It’s Not 2015 Anymore

It’s funny how 2015 feels like 10 years ago already. Do you remember those days when the Oculus DK1 or DK2 were your standard VR hardware, when the Samsung Gear was impossible to find in stores and when Playstation VR was known as Project Morpheus?

Do you remember how back then, everyone had no clue of what Apple wanted to do in the AR/VR world and were scratching their heads wondering when they would show their cards?

Do you remember how selling VR was just about putting a headset on people’s heads, watch them faint, overwhelmed with ecstasy, and then write you a blank check for any type of experience?

I hope you do. Because the glory days are dead and gone. VR is becoming mainstream, and the world is changing. Fast.

 

The number of VR companies has increased by more than 40% in 2016. In two years, most studios have gone from having zero competition to massive competition already. And often brands or agencies will have 5 or more studios pitch for the same job.

Meanwhile, brands and big agencies are becoming more savvy by the day. The most innovative brands have already commissioned several experiences and/or are building advanced internal VR teams. They have already bought your typical trade show floor experience and need something fresh, innovative, and different from what they have done those last months.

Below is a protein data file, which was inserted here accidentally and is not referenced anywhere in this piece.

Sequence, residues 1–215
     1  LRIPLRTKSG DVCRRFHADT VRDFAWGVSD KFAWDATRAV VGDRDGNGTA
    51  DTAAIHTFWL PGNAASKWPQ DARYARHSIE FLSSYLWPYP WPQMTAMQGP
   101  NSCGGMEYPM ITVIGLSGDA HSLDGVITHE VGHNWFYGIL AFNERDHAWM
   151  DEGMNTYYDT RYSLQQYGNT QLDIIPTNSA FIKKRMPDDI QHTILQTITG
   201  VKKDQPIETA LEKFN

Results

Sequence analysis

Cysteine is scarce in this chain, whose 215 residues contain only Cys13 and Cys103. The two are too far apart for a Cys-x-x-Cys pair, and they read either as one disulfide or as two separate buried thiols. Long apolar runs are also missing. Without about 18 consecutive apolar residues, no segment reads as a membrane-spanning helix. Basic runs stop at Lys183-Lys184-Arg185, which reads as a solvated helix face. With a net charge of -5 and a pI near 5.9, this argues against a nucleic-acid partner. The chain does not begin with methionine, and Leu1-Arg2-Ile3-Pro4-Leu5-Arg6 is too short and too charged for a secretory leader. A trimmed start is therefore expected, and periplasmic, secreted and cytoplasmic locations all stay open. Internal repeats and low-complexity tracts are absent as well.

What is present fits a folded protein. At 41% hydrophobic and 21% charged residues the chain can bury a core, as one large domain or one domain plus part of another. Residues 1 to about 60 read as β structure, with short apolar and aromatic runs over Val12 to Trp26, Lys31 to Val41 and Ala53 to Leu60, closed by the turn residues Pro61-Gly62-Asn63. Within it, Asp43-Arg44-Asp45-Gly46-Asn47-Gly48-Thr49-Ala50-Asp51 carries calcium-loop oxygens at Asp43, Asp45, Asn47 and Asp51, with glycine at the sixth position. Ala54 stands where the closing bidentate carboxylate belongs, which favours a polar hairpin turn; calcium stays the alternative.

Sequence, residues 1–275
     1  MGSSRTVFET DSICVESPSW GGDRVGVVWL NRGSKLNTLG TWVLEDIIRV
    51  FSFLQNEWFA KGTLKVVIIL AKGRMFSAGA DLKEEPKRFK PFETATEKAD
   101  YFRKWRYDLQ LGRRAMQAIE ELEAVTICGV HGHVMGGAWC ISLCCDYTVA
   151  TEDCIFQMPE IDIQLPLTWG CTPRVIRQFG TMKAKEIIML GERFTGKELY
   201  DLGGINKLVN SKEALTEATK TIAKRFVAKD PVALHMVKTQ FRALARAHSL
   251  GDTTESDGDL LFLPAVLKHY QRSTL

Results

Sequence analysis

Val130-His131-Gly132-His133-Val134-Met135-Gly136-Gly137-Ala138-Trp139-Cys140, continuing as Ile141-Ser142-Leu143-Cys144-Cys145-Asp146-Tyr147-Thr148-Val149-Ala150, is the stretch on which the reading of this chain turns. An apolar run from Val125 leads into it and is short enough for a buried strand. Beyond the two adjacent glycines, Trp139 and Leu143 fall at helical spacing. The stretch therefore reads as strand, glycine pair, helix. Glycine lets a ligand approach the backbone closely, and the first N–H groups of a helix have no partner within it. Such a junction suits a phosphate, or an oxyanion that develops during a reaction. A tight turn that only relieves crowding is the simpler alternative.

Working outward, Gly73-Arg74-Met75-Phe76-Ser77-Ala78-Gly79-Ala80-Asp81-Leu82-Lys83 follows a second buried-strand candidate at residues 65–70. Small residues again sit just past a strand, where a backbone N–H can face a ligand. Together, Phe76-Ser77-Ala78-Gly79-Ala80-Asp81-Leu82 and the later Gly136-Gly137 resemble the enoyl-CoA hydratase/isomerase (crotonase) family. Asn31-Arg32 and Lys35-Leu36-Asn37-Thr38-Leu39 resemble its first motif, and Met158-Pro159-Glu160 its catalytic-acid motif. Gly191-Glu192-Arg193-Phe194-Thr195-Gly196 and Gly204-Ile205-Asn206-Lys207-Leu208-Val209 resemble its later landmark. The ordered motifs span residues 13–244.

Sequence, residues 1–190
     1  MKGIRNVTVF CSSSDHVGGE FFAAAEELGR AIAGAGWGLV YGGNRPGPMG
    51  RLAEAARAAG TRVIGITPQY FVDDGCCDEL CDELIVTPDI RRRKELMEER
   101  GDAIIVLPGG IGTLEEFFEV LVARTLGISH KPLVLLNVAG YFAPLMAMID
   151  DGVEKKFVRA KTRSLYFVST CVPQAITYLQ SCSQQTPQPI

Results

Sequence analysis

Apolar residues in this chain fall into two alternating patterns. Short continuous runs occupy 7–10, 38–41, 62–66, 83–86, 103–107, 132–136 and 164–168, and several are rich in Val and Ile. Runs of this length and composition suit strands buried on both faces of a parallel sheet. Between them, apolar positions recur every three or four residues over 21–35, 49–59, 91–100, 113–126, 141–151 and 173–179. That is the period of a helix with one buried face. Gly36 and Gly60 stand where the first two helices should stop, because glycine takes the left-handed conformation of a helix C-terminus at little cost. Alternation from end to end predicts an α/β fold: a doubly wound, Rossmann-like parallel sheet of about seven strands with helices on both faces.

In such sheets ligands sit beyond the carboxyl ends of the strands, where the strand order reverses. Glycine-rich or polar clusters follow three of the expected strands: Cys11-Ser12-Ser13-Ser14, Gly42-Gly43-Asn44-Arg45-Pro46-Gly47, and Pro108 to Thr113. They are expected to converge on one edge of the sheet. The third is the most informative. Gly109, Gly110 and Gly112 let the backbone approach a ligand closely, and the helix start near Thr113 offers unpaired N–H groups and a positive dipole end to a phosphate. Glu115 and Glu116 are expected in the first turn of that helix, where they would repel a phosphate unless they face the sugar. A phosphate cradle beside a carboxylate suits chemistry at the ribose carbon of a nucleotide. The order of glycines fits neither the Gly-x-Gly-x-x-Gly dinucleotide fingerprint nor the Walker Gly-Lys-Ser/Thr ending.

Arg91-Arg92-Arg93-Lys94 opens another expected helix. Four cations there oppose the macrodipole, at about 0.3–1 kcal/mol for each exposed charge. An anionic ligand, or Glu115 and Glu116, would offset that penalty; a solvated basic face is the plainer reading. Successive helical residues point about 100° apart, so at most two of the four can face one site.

But at the same time there are still a lot of companies who are new to VR. People who need to be educated on tech and content, and taken by the hand while they build their first experience. Often, they are people who are intimidated the complexity of the VR world and take a long time to make a decision.

 

I am in the unique position of talking to a lot of CEOs of VR companies on a weekly basis, and I often hear the same feedback. Business is slower this quarter, it takes more time and it is now harder to close than ever before.

Make no mistake, I’m not saying that it’s all doom and gloom. In fact, the future looks bright for the industry. But the honeymoon is drawing to its end.

 

It means that now is the time to step up your game.

A lot of companies have jumped on the VR bandwagon recently. There is a lot of noise out there. And a lot of VR content is of subpar quality at best. At this point of the story, it is pivotal to rise above the noise and make yourself heard. Word of mouth and meeting people at trade shows are not enough anymore. You want to find new ways to connect in a unique way with your clients.

Talking of unique. You don’t need to be all things to everyone. Most VR companies have their story. Some come from a gaming background, other are formed by film makers and storytellers. Others by high end VFX experts. And that’s a great thing! The spectrum of skills that one needs to cover to excel at VR is mind-boggling. And the very definition of what is a VR experience is in constant evolution.

One way of rising above the noise is to find what is unique about you and your company, and work that muscle until no one on Earth can challenge you. Become THE expert at what you do best, instead of being an average player lost in the herd.

Find your uniqueness. Embrace it. Stand out.

You’ll be rewarded soon enough for that.